As far as I am concerned, it is now officially, winter. I know, winter does not officially begin until December 21st, but as soon as we set our clocks back to Pacific Standard Time, the temperature dropped 20 degrees and it seems like it’s dark two hours earlier. Whoever invented the tradition of decorating our homes with thousands of colorful lights for the holidays deserves high honors.

As the cold and darkness of winter engulfs our lives, it is very helpful to see neighborhoods all aglow in festivity. I used to think that people putting their lights up on Thanksgiving weekend were out of their mind. I have to admit though; I sure would like to see some festive lighting now! Of course if my wife finds out about my desire to see the lights go up early this year, I have a feeling the next morning I’ll get up and find a BIG pile of all our lights between me and my morning tea.

I took a quick stroll around my garden this morning between downpours. In the back of my mind I was thinking about which trees my wife might like to see all lit up with her favorite lights. One she always loves me to decorate is our large Picea pungens ‘Montgomery.’ No wonder, he’s a very big boy now and has that fantastic traditional Christmas tree shape. Not far from my ‘Montgomery’ I see another compact conifer that is getting to the size and shape that should please my wife when she sees him full of tiny white lights. 

Picea pungens 'Hillside'
Picea pungens 'Hillside' has a greener tone and is a little more compact that his cousin 'Montgomery' behind and to the right.

Picea pungens ‘Hillside’ is one of my favorite compact Colorado spruce trees. With a growth rate at ½ to ¾ that of ‘Montgomery,’ this dwarf conifer will spend his first 10 or 15 years looking a little more like a roundish mound than a cone-shaped tree, but as he matures, he’ll take on a nice compact pyramidal form. At 30 to 40 years old, the old specimen at Iseli’s display garden is just nine or ten feet tall. Mine is considerably younger but has a good start on its Christmas tree shape, so he’ll look great cloaked in lights.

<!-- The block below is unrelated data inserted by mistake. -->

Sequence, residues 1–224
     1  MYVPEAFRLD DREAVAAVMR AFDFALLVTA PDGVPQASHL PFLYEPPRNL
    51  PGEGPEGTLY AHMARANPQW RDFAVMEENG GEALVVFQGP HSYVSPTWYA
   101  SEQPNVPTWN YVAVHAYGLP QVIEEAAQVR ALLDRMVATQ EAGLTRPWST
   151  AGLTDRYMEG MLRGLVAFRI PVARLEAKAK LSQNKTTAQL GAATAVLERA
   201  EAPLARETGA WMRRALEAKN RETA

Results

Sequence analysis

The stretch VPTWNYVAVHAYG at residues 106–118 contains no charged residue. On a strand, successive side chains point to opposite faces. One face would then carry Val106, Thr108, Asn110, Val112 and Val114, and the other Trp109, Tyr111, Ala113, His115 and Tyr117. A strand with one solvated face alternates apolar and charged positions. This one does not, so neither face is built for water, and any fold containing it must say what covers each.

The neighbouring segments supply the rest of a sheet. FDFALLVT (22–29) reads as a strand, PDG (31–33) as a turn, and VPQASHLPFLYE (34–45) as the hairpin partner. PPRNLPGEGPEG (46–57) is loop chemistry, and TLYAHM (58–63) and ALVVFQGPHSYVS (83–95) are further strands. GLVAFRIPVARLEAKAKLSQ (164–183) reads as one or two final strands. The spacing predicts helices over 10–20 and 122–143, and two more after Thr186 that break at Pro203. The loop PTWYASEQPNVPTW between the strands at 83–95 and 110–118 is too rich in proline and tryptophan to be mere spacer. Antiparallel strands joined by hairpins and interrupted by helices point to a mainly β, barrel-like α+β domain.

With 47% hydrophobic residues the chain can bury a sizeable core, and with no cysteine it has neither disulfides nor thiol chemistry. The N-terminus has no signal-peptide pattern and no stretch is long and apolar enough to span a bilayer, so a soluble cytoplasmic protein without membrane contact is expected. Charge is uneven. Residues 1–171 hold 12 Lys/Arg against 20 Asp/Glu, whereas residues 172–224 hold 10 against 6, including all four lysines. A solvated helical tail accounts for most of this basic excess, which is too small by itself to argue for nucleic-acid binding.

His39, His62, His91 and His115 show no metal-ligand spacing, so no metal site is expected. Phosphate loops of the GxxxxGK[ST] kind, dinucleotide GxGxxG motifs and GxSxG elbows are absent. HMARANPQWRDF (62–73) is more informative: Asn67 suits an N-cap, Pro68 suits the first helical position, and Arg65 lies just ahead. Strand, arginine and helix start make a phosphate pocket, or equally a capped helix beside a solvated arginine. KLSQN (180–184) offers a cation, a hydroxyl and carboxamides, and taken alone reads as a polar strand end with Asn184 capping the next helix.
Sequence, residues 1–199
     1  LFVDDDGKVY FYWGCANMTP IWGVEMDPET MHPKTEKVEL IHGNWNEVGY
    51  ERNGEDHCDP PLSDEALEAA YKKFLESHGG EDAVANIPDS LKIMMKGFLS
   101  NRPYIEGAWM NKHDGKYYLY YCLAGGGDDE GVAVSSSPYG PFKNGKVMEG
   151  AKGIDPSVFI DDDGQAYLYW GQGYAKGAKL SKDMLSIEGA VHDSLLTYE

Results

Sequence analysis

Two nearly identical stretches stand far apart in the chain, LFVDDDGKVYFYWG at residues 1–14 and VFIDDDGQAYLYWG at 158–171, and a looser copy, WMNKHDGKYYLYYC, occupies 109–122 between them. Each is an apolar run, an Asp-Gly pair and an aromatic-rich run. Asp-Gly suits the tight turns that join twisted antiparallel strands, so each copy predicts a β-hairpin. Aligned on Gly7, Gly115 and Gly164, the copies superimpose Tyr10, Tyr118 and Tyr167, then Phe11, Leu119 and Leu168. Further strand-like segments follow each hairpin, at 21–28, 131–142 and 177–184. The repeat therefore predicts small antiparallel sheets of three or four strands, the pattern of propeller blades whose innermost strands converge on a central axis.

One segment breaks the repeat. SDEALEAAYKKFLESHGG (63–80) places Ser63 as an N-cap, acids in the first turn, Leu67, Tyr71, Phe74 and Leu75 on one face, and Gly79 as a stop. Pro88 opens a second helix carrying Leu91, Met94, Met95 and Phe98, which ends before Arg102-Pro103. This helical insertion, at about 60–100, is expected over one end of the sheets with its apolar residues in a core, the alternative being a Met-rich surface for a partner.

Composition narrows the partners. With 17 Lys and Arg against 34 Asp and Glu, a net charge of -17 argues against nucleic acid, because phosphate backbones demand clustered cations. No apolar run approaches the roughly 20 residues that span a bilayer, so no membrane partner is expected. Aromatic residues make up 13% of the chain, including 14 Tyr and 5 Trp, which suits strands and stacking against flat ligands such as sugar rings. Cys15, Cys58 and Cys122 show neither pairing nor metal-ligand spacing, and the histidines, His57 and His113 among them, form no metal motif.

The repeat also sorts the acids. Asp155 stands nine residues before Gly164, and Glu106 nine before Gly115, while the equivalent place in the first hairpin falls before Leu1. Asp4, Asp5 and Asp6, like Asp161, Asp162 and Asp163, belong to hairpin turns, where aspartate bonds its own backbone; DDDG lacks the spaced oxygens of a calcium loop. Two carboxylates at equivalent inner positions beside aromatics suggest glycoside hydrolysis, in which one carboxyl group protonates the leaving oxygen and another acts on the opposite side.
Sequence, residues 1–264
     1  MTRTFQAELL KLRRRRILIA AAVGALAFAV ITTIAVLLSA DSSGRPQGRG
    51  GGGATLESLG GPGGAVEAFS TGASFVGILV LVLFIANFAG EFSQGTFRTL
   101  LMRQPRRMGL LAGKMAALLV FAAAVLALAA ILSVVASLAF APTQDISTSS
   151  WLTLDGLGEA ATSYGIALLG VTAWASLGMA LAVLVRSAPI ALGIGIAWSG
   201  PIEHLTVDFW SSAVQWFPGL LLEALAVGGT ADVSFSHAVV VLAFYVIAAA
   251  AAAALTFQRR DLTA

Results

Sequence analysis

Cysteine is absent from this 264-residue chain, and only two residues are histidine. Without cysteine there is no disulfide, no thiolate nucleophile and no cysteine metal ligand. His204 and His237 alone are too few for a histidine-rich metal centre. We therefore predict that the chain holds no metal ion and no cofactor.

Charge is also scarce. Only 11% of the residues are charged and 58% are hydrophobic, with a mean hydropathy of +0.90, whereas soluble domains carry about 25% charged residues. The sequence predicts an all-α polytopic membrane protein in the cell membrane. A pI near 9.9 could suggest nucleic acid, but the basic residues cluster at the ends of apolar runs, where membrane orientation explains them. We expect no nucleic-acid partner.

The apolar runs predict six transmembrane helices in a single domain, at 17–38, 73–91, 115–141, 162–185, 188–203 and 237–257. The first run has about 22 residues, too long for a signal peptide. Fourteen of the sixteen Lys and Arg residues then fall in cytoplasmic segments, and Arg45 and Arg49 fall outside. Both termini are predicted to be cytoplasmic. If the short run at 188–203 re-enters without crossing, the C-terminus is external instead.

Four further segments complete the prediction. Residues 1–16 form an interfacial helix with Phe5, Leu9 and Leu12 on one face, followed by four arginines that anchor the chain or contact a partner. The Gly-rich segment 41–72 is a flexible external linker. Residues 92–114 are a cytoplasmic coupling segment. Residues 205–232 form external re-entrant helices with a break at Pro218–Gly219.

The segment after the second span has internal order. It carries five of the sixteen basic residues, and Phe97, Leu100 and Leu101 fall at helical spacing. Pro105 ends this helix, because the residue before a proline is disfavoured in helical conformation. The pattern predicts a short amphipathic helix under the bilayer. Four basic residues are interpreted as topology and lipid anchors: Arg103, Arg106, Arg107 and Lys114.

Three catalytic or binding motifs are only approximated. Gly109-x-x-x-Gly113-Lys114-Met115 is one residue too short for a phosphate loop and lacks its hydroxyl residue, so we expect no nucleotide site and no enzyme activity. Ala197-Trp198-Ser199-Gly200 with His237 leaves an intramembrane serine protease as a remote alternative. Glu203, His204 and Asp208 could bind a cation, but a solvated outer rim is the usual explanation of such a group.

‘Hillside’ has more of a greenish tone than some of the other popular dwarf Colorado spruce, many of which sport bright shades of blue. But, who wants all their conifers to be the same color anyway? Not me. I love to see all the varying shades of green and blue (and even yellow) that the Colorado spruce contribute to my garden. 

Yes, I think with the new, low energy-consuming LED Christmas lights available these days, I just may be lighting up my corner of the neighborhood early this year. Maybe I’ll combat winter depression by starting a new tradition with four months of festive holiday lighting from Halloween to Valentine’s Day! 

Ed-
Conifer Lover

Christmas in September?